Councilman Agelasto’s move out of 5th District puts seat in jeopardy

Jeremy M. Lazarus | 11/21/2018, 6 a.m.
A giant question mark now hangs over 5th District City Councilman Parker C. Agelasto. His continued service on Richmond’s governing ...
Councilman Parker C. Agelasto

A giant question mark now hangs over 5th District City Councilman Parker C. Agelasto.

His continued service on Richmond’s governing body appears to be in jeopardy after a constituent who is a former state elections official disclosed to the media that the councilman and his family now live in the 1st District.

An energetic and generally highly regarded public official since his election to City Council in 2012, Mr. Agelasto now finds himself in an unwanted spotlight after confirming on Monday that he no longer is a resident of the 5th District.

The district spans the James River and includes Randolph, Maymont, Carytown, Swansboro and Woodland Heights.

Mr. Agelasto, a former museum consultant who now leads a land conservation group, reluctantly confirmed that he, his wife, and young daughter left their 5th District residence in the 1900 block of Floyd Avenue and now live in the 4200 block of West Franklin Street.

The Agelastos purchased the Franklin Street residence on June 27 for $605,000, according to city records, and moved there after taking possession. He also continues to own the Floyd Avenue property. He said he rents it out on a month-to-month lease.

Mr. Agelasto’s move appears to have triggered a state law that requires elected local or state officeholders to vacate their position once they move from the district they represent.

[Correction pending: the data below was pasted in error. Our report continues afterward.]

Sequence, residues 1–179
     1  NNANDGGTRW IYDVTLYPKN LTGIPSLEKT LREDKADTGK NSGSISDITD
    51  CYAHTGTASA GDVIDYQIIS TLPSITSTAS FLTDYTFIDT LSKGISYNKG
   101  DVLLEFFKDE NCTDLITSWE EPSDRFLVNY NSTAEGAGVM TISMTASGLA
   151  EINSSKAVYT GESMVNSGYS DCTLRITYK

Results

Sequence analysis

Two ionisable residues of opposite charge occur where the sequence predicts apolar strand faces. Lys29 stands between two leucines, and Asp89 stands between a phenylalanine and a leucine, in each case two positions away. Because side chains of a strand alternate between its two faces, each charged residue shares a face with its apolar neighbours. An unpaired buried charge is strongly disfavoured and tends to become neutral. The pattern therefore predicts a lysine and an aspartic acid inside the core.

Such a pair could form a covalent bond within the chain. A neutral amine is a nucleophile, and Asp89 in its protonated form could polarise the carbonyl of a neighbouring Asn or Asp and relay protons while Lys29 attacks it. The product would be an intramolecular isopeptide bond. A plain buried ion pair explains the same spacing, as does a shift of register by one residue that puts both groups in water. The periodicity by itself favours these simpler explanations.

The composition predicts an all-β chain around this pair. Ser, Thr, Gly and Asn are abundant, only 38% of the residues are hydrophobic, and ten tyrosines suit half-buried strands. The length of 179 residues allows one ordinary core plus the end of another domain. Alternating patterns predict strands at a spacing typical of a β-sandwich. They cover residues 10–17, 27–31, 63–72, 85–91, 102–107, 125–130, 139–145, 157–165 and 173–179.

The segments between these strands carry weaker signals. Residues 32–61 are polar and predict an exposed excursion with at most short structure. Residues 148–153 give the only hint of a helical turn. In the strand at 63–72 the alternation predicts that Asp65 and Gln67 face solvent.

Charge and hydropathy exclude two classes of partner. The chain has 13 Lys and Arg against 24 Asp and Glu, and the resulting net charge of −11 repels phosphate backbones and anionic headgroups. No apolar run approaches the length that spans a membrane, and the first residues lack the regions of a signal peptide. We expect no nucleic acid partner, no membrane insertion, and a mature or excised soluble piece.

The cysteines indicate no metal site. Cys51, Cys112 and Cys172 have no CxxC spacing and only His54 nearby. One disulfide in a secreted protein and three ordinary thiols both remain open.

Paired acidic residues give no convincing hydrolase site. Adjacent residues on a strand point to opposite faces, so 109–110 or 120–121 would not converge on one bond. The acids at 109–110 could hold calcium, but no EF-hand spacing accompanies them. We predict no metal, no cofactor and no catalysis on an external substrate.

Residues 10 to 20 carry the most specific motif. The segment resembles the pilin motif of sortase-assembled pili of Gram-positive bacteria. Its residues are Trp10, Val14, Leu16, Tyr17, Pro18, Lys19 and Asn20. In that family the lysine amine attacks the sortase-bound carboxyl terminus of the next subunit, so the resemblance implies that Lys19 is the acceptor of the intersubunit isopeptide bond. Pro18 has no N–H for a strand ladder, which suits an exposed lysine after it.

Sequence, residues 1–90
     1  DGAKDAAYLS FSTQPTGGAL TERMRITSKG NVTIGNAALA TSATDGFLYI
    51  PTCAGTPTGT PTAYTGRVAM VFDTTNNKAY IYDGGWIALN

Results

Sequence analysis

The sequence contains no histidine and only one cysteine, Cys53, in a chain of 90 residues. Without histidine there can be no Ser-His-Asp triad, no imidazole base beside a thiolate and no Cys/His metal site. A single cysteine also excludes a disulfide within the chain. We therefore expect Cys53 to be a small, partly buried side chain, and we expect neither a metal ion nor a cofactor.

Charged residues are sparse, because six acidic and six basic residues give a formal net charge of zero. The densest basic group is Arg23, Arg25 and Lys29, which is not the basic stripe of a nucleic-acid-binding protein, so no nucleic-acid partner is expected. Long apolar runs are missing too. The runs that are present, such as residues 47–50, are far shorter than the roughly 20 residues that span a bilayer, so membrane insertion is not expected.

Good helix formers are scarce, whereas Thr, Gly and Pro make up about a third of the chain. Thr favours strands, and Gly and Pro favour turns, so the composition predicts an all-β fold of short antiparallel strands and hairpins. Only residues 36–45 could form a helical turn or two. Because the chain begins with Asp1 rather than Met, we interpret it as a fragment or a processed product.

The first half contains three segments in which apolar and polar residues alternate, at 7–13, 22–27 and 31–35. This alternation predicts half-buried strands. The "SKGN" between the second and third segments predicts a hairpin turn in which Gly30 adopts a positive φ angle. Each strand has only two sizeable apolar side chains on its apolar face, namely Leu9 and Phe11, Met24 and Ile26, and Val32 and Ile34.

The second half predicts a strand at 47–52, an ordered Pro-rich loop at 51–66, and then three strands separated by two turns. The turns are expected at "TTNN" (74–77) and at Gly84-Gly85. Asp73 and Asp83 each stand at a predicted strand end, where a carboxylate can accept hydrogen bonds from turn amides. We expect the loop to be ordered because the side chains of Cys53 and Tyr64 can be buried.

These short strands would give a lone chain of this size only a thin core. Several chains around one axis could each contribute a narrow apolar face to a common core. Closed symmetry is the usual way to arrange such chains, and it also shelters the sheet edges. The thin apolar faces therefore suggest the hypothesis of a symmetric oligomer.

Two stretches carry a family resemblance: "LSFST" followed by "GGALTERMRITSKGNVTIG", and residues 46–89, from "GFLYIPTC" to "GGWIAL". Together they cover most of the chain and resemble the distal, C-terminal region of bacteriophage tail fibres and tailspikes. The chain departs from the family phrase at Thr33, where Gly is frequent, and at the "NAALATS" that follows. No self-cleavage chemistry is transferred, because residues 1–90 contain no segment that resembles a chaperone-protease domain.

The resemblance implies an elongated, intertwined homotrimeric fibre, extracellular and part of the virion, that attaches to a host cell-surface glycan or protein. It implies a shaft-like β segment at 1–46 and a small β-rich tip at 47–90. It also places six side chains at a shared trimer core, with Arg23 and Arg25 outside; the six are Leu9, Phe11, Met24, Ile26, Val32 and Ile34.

However, the 42-year-old Virginia Beach native, who announced Monday that he will not seek re-election in 2020, is seeking to hang on to the seat and finish out the final two years of his term with the claim that the move is “temporary” and that he intends to return to the Floyd Avenue address in the future, although he offered no specifics.

Mr. Agelasto said he consulted the City Attorney’s Office about whether he can continue to serve. City Attorney Allen L. Jackson would not talk about the substance of those discussions, but stated he has not issued any official opinion on Mr. Agelasto’s continued tenure on City Council.

Meanwhile, Mr. Agelasto’s change of address is raising doubts about the legitimacy of the votes he has cast since the summer and of any future votes, creating a headache for his council colleagues.

Council President Chris A. Hilbert, 3rd District, who plans to give up the position of council leader in January, could not be reached immediately on whether he would ask his council colleagues to determine if Mr. Agelasto is still qualified to serve.

The City Charter empowers the council to determine the qualifications of the members, subject to a review by the Richmond Circuit Court.

Separately, Richmond Voter Registrar Kirk Showalter said she is exploring the issue of whether Mr. Agelasto is still properly registered to vote in the 5th District. Mr. Agelasto must be eligible to vote in that district to continue to serve, according to a requirement in state law.